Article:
Dividend shares can be an excellent way to earn passive income. Our writer considers a plan to put extra cash…
Read more »
| Ben McPoland
UK inflation is predicted to soar as high as 22% by December. Should I worry this will trigger a stock…
Read more »
| Royston Wild
This expert suggests that investing in dividend stocks is a good idea. Here are two dividend-paying shares our writer’s considering…
Read more »
| Ian Benfield
I have invested in a stock market portfolio of FTSE 350 shares that I expect to continue outperforming these indices…
Read more »
| Christopher Ruane
Can our writer apply investment lessons from Warren Buffett to improve his own financial position? This is how he’d try.
Read more »
| Royston Wild
The London stock market is packed with top stocks to give my passive income a big boost. Here are two…
Read more »
View All
Should you invest, the value of your investment may rise or fall and your capital is at risk. Before investing, your individual circumstances should be considered so you should consider taking independent financial advice.
To make the world Smarter, Happier, And Richer
Founded in 1993 by brothers Tom and David Gardner, The Motley Fool helps millions of people attain financial freedom through our website, podcasts, books, newspaper column, radio show and premium investing services.
Read more about us >

We have taken reasonable steps to ensure that any information provided by The Motley Fool Ltd, is accurate at the time of publishing. Any opinions expressed are the opinions of the authors only. The content provided has not taken into account the particular circumstances of any specific individual or group of individuals and does not constitute personal advice or a personal recommendation. No content should be relied upon as constituting personal advice or a personal recommendation, when making your decisions. If you require any personal advice or recommendations, please speak to an independent qualified financial adviser. No liability is accepted by the author, The Motley Fool Ltd or Richdale Brokers and Financial Services Ltd for any loss or detriment experienced by any individual from any decision, whether consequent to, or in any way related to the content provided by The Motley Fool Ltd; the provision of which is an unregulated activity.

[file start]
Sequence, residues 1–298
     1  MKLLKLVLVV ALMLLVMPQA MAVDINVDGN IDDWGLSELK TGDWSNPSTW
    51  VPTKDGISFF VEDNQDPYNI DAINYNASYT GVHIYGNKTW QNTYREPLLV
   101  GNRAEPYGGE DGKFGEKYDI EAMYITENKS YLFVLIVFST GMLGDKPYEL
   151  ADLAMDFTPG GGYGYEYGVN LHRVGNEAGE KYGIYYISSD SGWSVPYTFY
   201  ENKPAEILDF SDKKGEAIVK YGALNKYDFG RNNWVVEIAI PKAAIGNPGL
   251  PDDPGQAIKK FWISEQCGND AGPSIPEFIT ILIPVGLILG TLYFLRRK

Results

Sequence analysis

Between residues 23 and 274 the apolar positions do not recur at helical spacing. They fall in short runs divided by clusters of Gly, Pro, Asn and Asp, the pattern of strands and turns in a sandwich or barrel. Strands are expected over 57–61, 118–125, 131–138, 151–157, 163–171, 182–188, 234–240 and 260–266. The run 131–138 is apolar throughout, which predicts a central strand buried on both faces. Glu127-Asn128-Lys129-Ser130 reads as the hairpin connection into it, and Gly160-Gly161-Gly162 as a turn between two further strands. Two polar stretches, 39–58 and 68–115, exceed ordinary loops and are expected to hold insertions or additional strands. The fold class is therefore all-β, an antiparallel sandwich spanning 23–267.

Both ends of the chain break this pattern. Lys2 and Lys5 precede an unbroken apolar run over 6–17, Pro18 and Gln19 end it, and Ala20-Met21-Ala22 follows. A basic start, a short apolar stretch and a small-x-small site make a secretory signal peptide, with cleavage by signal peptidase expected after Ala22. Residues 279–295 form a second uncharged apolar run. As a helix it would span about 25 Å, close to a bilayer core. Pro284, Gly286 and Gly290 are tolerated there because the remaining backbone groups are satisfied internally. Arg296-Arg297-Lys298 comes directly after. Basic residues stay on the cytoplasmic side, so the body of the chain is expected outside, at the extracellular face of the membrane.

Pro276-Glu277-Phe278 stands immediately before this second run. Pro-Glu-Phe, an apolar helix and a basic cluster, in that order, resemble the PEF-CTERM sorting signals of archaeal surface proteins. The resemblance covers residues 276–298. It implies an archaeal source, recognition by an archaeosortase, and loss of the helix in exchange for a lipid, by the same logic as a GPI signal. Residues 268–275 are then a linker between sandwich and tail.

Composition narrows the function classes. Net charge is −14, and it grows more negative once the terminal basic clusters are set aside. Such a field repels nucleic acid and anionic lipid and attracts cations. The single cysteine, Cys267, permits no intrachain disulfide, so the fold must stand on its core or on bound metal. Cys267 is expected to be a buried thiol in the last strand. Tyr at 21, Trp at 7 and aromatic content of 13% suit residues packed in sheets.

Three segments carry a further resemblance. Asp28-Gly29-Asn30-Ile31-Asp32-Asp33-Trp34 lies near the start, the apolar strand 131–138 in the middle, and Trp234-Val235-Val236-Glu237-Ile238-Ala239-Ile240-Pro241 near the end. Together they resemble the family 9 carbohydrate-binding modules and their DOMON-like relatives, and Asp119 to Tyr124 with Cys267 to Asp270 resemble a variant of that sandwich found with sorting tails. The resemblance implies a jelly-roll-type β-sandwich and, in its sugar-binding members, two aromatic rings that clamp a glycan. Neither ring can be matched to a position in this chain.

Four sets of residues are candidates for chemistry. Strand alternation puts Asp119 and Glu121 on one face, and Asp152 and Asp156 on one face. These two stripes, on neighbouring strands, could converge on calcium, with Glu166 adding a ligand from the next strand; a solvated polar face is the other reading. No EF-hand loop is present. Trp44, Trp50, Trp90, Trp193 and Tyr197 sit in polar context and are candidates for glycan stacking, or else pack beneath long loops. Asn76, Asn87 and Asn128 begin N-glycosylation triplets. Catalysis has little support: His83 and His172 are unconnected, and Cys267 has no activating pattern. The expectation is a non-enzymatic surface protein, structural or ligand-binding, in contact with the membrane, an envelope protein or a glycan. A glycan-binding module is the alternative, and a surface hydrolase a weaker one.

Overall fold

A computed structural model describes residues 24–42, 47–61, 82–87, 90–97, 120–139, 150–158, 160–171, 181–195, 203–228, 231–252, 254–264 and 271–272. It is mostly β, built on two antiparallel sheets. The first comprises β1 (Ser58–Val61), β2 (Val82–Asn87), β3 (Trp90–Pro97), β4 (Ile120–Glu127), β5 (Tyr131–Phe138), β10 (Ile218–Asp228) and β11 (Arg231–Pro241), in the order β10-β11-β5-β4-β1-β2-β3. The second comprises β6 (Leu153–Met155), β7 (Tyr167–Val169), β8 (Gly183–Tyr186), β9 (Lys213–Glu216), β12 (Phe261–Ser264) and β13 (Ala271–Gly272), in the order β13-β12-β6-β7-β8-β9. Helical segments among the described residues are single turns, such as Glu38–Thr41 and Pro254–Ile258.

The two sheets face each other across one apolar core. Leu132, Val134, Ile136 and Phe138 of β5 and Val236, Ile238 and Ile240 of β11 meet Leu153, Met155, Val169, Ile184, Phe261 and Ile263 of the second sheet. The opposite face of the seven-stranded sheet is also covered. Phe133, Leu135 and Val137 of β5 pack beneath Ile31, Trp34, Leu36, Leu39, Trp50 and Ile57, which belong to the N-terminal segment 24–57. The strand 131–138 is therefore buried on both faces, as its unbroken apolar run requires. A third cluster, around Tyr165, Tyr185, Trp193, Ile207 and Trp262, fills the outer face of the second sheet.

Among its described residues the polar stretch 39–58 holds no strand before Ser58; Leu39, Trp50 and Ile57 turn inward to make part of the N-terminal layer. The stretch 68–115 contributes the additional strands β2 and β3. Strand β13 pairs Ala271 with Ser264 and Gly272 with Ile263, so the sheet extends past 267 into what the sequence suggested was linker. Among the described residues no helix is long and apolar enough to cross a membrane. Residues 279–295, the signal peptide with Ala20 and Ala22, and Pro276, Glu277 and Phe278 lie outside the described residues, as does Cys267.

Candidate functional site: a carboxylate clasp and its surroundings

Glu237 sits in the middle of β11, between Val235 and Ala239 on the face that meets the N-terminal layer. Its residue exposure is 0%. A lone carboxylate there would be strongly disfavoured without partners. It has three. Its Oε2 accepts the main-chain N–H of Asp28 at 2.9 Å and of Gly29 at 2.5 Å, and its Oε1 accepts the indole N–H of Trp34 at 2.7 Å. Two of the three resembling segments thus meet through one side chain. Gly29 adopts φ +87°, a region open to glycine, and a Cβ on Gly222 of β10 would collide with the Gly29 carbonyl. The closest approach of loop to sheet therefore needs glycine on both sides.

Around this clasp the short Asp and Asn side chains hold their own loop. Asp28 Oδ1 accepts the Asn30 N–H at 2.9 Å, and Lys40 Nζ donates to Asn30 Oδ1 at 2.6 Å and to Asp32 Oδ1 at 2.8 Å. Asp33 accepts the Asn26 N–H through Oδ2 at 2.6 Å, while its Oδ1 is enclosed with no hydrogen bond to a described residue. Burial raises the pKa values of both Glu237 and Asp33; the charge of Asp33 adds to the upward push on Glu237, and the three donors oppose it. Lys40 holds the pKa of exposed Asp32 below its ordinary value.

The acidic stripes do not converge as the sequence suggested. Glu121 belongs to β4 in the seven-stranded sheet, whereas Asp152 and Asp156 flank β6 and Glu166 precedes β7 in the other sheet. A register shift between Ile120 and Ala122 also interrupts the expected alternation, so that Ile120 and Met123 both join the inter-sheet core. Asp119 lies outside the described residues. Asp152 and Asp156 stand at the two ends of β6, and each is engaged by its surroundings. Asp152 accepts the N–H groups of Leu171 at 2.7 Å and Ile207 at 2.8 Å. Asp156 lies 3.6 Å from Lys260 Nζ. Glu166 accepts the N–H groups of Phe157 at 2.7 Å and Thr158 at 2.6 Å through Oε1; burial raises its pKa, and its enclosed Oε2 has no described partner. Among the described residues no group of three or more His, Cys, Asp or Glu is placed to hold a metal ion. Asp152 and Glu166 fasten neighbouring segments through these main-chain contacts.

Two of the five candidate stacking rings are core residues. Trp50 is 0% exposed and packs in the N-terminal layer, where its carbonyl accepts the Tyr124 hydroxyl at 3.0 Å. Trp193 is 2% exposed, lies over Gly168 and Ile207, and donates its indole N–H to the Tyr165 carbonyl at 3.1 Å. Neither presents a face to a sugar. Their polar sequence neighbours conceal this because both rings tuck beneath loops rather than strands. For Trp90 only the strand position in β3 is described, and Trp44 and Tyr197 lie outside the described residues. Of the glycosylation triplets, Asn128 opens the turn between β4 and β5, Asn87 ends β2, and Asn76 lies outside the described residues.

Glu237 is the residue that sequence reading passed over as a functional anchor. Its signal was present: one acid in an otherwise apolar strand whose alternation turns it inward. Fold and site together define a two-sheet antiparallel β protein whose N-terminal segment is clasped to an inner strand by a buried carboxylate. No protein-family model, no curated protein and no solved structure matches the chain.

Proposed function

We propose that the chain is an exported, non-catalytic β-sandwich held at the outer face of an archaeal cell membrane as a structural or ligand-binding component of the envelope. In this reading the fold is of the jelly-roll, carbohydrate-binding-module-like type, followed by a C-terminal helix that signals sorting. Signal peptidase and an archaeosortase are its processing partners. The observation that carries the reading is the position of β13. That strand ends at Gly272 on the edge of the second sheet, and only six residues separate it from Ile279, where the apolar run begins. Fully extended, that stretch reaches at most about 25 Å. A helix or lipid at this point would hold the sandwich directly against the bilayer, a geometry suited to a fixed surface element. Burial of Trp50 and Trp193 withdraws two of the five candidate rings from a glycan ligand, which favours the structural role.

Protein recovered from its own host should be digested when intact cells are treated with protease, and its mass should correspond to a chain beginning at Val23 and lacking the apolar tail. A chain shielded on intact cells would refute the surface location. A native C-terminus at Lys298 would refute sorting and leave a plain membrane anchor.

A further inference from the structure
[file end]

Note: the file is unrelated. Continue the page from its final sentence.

The value of stocks, shares and any dividend income may fall as well as rise and is not guaranteed, so you may get back less than you invested. You should not invest any money you cannot afford to lose, and you should not rely on any dividend income to meet your living expenses. Stocks listed on overseas exchanges may be subject to additional dealing and exchange rate charges, administrative costs, withholding taxes and different accounting and reporting standards. They may have other tax implications, and may not provide the same, or any, regulatory protection. Exchange rate charges may adversely affect the value of shares in sterling terms, and you could lose money in sterling even if the stock price rises in the currency of origin. Any performance statistics that do not adjust for exchange rate changes are likely to result in an inaccurate portrayal of real returns for sterling-based investors.
Fool and The Motley Fool are trading names of The Motley Fool Ltd. The Motley Fool Ltd is an appointed representative of Richdale Brokers & Financial Services Ltd who are authorised and regulated by the Financial Conduct Authority (FRN: 422737). In this capacity we are permitted to act as a credit-broker, not a lender, for consumer credit products. We may also publish information, opinion and commentary about consumer credit products, loans, mortgages, insurance, savings and investment products and services, including those of our affiliate partners. We do not provide personal advice and we will not arrange any products on your behalf. Should you require personal advice, you should speak to an independent, qualified financial adviser.
The Motley Fool Ltd. Registered Office: 5 New Street Square, London EC4A 3TW. | Registered in England & Wales. Company No: 3736872. VAT Number: 188035783.
© 1998 – 2022 The Motley Fool. All rights reserved. The Motley Fool, Fool, and the Fool logo are registered trademarks of The Motley Fool Holdings Inc.


Leave a Comment